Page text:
Ukraine war and its impact on UK markets

Written by by Kunal Sawhney, CEO, Kalkine

The Russian invasion of Ukraine is the most talked about topic right now. While there is growing support for Ukraine, there is even more anger over Russian aggression that had inflicted a humanitarian crisis. The situation is still evolving, with backchannel peace negotiation talks also in progress. Though de-escalation is yet not in sight after a week of the war and amid regular imposition of sanctions by the Western allies on Russia. Whatever may be the result of the war, its pinch is already being felt by the markets across the globe. Russia holding a major energy supplier position to European Union (EU) has become a key concern.

The UK of its total consumption imports just around 4 per cent of gas in liquid form and around 6 per cent of oil from Russia and is not as dependent as the EU. However, the price to be paid for a faraway conflict has started to make its impact here as well. As of March 2, UK wholesale gas prices hit a record £4.50 per therm, while the average cost of a litre of petrol at UK forecourts was around 151.7p, with the cost of a barrel of oil hitting as high as $115-a-barrel. There are several related factors in play that have led the nation’s energy prices shooting to record high. The gas prices in the UK are linked to the prices in the continent, so if the prices continue to move up, it will have a direct impact on the UK. And at the same time, the government has banned Russian ships from UK ports which could further worsen the situation.

How have markets been reacting?

There was a knee-jerk reaction to the news of the Russian invasion of Ukraine, and the equity markets across the globe turned red. Ten percent or even higher slump so far had been witnessed in some of the major global markets since the start of the war. FTSE 100 is one of them, which has suffered a serious blow in just a week of trade. The fresh volatility in the markets after the jitters of a major central banks rate hike may linger, keeping the markets in the bear zone for some time more.

The flare-up of such geopolitical issues has traditionally brought uncertainty to the markets and despite the fact that the issue was brewing up for a long, markets’ sudden reaction has shown that it wasn’t priced in fully, and more has to come. Now investors are concerned about the supply chain disruption and surge in different commodity prices that would result in even higher inflation.

There is widespread uncertainty in the market at present, and investors continue to flock to safe-haven assets and treasuries while fleeing from the riskier assets.UK investors pulled millions of pounds of investment funds in the month of January, with equity funds suffering the maximum exodus, while there has been a shift towards commodities and natural resources funds in response to rising commodity prices.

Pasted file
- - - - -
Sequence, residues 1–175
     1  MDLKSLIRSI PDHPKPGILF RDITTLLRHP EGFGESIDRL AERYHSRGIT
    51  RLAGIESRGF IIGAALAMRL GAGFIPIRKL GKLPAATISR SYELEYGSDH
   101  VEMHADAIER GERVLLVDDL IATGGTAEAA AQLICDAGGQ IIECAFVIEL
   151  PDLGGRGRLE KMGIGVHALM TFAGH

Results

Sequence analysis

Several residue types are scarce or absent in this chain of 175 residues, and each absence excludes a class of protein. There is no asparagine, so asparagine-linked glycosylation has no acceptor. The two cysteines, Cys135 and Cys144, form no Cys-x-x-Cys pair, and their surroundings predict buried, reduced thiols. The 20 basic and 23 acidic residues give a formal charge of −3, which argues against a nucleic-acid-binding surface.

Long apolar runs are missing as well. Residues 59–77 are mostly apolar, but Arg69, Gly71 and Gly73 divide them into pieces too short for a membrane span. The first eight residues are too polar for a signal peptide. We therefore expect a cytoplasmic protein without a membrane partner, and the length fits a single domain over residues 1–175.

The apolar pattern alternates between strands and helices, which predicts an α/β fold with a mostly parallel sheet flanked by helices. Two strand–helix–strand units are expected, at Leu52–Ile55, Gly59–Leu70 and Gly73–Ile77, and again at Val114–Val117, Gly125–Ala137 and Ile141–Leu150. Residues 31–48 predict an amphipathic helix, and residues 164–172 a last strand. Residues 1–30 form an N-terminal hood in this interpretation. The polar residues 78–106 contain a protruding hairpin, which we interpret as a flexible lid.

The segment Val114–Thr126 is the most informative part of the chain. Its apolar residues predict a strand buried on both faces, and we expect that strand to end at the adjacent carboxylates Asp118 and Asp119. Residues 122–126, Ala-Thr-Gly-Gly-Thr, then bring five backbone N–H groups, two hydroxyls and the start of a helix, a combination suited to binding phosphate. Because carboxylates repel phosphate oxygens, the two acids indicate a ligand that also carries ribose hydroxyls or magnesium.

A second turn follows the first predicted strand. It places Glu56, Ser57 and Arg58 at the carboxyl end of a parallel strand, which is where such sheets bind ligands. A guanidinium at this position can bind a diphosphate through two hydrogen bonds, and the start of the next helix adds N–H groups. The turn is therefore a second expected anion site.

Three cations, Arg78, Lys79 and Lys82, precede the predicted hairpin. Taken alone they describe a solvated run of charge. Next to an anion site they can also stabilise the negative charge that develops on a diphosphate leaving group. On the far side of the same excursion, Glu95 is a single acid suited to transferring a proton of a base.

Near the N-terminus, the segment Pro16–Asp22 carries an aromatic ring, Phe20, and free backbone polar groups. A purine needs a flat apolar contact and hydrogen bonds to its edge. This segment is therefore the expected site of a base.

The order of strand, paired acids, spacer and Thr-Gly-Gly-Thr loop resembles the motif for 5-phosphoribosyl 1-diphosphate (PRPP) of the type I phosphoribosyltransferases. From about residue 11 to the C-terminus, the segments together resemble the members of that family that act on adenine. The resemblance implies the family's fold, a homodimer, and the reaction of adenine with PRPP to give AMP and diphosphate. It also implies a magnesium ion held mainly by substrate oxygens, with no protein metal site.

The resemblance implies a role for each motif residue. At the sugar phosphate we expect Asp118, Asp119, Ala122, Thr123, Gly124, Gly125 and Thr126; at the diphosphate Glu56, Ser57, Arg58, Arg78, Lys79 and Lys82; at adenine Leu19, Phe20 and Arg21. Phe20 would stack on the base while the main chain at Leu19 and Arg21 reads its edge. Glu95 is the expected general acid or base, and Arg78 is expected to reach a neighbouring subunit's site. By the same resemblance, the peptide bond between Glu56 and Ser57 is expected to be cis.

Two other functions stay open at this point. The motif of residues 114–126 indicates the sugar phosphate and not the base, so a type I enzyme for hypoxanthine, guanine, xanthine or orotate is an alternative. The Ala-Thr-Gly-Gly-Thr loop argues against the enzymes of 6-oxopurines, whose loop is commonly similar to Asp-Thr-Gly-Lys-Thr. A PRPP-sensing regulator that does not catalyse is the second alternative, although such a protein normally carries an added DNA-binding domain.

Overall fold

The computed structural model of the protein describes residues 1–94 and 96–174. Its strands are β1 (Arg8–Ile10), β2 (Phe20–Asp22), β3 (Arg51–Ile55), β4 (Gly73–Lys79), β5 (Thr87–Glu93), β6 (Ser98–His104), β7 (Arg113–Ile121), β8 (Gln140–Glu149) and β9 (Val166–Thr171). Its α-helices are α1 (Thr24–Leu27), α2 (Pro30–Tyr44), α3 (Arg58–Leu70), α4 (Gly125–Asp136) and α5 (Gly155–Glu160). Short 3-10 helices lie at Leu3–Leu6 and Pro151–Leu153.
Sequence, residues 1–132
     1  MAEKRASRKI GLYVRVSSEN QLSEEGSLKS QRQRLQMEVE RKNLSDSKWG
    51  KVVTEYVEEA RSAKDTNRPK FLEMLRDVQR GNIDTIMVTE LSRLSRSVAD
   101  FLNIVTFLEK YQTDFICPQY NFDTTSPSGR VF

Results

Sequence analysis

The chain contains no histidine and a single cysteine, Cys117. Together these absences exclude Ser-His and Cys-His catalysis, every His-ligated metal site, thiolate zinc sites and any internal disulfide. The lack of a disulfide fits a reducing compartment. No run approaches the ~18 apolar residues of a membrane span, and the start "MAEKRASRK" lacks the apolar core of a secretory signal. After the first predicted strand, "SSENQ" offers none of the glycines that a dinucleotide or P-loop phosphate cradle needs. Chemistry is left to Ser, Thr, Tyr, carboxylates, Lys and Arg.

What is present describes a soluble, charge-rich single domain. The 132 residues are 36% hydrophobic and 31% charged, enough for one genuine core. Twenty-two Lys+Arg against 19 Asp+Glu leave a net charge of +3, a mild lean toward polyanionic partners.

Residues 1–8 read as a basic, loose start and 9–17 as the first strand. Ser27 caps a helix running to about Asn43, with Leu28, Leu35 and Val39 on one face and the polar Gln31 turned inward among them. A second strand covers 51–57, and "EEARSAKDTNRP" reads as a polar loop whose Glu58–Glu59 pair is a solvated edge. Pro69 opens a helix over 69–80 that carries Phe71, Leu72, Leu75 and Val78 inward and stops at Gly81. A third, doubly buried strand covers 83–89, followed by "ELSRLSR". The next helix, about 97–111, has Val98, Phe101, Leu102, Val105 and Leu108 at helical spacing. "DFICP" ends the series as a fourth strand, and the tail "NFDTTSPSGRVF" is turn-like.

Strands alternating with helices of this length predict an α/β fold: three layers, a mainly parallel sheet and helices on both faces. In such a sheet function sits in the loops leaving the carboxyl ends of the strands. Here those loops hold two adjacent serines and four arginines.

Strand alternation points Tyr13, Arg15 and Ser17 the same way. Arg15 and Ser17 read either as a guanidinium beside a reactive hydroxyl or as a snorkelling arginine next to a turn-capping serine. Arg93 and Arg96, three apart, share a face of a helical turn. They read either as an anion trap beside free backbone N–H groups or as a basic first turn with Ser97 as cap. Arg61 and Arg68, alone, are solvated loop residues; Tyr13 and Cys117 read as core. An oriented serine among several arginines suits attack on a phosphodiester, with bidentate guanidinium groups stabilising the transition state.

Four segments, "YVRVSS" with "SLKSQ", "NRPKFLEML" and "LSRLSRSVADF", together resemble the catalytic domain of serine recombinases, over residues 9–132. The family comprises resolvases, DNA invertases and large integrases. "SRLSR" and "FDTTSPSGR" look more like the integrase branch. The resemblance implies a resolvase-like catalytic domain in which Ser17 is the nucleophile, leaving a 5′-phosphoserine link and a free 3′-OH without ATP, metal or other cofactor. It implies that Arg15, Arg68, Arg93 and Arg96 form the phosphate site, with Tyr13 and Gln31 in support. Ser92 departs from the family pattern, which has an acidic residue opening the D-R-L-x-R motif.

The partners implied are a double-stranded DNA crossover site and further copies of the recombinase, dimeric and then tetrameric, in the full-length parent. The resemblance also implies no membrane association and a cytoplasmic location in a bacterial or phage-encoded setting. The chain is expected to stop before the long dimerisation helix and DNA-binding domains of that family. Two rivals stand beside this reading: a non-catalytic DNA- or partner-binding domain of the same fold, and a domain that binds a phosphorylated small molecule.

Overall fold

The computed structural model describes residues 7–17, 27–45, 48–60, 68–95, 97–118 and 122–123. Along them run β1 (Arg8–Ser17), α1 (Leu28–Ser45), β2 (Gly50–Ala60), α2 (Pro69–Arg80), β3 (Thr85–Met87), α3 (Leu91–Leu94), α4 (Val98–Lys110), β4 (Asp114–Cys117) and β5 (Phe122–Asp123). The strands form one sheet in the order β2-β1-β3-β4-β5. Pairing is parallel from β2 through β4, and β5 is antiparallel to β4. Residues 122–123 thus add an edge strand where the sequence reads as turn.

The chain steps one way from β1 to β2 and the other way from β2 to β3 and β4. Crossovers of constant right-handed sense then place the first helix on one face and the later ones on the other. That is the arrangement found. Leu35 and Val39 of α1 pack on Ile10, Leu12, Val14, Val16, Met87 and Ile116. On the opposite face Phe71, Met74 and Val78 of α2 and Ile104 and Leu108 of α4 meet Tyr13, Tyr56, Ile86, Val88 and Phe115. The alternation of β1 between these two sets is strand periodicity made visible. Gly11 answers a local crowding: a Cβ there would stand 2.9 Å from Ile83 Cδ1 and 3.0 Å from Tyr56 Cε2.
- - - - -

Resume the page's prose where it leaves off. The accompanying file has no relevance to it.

While there is fear prevailing, there are risk-takers as well, who had been either waiting for a sharp correction or are ready to utilise the opportunity to go for value pick at extremely cheap prices, ready to lap up hard-hit assets linked to Ukraine and Russia. Meanwhile, the London Stock Exchange, after a week of the war, decided to suspend trading in GDRs of 28 companies with strong links to Russia. There has been a sharp fall in London-listed stocks of Russian companies, and by the time suspension was announced, some had lost almost all their value.  Earlier, MSCI had removed Russian stocks from its globally watched indices after the majority of its institutional investors confirmed the Russian equity market to be uninvestable in the present circumstances.

What to expect next?

Energy is the major factor associated with Russia, and war has necessitated the need for the early energy transition. Lots of investment have already started and can be seen in the coming time in the global gas markets, with most of the countries either affected or unaffected looking for energy independence to avert any such incident.

As far as markets are concerned, despite the far-reaching impact of war, investors will keep looking for opportunities this year beyond the pandemonium of the war. The adversity of war getting more proclaimed may lead central banks to be not as aggressive as they were expected to be.

As it is becoming more evident that the conflict won’t turn as severe as previously thought, the corporate profits may not be that much impacted. However, it is also true that the war may not end soon, and the short-term market volatility may continue. Also, the war may not have long-term consequences on the market and, despite the fear of some uncertainty into the global growth outlook, may recoil soon. Investors should not overlook the long-term opportunities which these kinds of adversities present.

About Lisa Baker, Editor 2363 Articles
Lisa Baker is the Editor of Always Finance, and writes about Business, Finance Technology and Healthcare. Lisa is also the owner of Need to See IT Publishing.